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Gibson's Finest Rare 18 Year Old

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0 1094

@JasonHambreyReview by @JasonHambrey

22nd Jan 2015

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  • Nose
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  • Taste
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  • Finish
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  • Balance
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  • Overall
    94

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Distribution of ratings for this: brand user

This whisky, I find, is very highly regarded by most that have had it - but I, for whatever reason, don't find it recommended that often. Fabulous stuff.

Nose: Vanilla, honey, oak, caramel, creme brulee - it certainly develops as it sits. You can sense the sweetness of the whisky and the oak combines with that to make me think of maple. There are some beautiful cedar notes, and intriguing notes of pickle. The nose has a slight floral element to it as well reminding me of the blossoming of a tree we had in our house growing up which grew big balls of white flowers. Most excellent! 92%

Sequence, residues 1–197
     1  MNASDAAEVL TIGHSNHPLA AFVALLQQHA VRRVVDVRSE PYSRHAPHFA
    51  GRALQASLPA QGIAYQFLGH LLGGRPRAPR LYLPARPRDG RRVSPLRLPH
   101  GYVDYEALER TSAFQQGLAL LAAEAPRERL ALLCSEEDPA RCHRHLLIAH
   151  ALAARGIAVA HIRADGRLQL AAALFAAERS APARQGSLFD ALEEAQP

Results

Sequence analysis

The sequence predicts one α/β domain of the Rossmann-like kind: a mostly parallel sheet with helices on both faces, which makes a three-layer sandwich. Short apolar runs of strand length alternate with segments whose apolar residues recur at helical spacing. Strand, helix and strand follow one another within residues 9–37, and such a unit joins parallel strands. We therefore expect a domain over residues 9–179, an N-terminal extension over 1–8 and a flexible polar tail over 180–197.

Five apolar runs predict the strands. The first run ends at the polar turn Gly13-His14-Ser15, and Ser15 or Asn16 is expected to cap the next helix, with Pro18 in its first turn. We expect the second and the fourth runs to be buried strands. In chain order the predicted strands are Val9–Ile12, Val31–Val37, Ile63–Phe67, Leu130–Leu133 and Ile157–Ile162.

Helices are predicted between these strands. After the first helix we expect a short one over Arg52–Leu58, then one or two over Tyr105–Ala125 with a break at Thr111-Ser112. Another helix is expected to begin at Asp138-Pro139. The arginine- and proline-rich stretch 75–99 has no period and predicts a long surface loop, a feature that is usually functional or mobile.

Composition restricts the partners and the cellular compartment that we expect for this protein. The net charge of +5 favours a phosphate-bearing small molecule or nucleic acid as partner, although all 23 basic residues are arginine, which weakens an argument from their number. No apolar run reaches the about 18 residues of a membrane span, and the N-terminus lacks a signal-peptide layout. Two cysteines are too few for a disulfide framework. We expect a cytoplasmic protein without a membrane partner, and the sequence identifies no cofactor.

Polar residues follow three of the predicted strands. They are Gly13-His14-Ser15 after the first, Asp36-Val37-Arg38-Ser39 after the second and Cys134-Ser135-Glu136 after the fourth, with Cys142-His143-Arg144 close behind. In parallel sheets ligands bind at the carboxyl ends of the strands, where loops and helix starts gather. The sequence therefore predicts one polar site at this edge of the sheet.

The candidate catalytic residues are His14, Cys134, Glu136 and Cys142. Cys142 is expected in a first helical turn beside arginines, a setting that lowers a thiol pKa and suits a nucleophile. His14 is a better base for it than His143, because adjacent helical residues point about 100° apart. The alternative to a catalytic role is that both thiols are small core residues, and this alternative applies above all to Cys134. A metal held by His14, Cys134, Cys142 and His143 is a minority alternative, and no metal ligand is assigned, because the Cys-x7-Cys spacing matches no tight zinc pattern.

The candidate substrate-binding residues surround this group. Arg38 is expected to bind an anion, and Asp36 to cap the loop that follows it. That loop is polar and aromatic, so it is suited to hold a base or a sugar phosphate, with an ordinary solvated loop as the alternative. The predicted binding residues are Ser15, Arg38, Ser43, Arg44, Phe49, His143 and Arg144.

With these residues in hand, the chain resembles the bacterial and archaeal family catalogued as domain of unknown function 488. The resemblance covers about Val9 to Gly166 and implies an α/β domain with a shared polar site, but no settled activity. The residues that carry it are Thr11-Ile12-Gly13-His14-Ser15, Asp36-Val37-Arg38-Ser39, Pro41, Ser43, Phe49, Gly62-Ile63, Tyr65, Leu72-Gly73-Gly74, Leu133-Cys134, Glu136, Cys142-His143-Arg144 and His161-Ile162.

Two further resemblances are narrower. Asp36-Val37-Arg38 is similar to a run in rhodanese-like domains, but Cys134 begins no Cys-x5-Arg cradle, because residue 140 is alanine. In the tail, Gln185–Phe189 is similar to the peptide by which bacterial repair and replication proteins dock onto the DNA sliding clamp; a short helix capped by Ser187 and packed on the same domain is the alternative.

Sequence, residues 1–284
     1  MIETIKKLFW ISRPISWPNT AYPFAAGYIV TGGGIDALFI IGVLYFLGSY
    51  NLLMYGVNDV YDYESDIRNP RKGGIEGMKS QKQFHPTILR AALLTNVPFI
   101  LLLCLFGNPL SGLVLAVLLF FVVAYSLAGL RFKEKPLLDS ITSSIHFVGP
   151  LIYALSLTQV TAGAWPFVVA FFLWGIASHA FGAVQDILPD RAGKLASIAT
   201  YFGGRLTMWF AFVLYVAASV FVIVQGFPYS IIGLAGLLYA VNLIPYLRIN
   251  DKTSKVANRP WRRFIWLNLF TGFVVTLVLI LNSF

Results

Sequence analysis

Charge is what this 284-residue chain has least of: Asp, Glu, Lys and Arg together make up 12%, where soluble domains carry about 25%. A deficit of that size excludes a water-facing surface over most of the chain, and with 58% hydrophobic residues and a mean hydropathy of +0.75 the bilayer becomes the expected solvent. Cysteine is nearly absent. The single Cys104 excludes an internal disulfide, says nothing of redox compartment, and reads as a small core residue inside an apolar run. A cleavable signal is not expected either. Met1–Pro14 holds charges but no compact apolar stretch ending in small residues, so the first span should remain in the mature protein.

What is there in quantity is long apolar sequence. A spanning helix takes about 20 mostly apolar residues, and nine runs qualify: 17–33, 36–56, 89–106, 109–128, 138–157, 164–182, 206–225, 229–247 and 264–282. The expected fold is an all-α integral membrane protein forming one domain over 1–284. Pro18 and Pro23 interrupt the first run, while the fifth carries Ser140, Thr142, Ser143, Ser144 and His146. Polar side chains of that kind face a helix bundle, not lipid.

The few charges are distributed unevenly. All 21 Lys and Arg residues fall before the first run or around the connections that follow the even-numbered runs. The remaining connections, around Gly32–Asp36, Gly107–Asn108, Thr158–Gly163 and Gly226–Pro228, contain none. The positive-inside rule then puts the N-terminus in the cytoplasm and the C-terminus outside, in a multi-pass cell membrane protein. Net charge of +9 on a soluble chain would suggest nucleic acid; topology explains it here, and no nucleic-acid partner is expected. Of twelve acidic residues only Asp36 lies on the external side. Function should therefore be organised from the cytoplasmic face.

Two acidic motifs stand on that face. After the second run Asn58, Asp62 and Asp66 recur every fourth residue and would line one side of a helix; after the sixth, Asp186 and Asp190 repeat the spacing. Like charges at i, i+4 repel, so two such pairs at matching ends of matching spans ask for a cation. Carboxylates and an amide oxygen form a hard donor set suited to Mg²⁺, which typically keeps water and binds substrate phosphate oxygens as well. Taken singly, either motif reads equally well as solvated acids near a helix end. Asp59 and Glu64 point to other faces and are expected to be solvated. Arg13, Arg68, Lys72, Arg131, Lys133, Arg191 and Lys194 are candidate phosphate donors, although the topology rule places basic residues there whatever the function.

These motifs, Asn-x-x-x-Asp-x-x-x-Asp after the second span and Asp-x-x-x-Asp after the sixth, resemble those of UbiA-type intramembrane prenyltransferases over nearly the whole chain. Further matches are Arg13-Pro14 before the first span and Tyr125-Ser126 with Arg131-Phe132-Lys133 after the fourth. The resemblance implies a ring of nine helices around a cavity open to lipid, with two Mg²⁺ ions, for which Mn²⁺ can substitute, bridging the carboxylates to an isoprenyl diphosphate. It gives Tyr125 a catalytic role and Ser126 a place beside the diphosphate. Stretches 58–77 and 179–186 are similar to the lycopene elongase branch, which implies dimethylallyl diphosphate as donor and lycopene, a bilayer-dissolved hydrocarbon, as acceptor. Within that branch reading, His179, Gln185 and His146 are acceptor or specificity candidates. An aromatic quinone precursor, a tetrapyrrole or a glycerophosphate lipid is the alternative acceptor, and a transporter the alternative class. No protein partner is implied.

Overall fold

Taste: Thick, slightly sweet, and creamy...lots of bourbon-like influence. There's a good bit of oak and spice kicks in with some nice sweetness at the end along with some wheat-like graininess. There's also a touch of cedar in the mix as well which pokes its head up here and there. The rye seems to be dusty, and the mouth dries out a bit as with other whiskies in the Gibson's line. The cereals also come out for me in a way that reminds me of stale bread. There are some fruit elements like grape juice. There's a touch of acidity which seems to lift the whole experience up a bit and keep everything in check. brilliant. good mouthfeel to it as well. 95%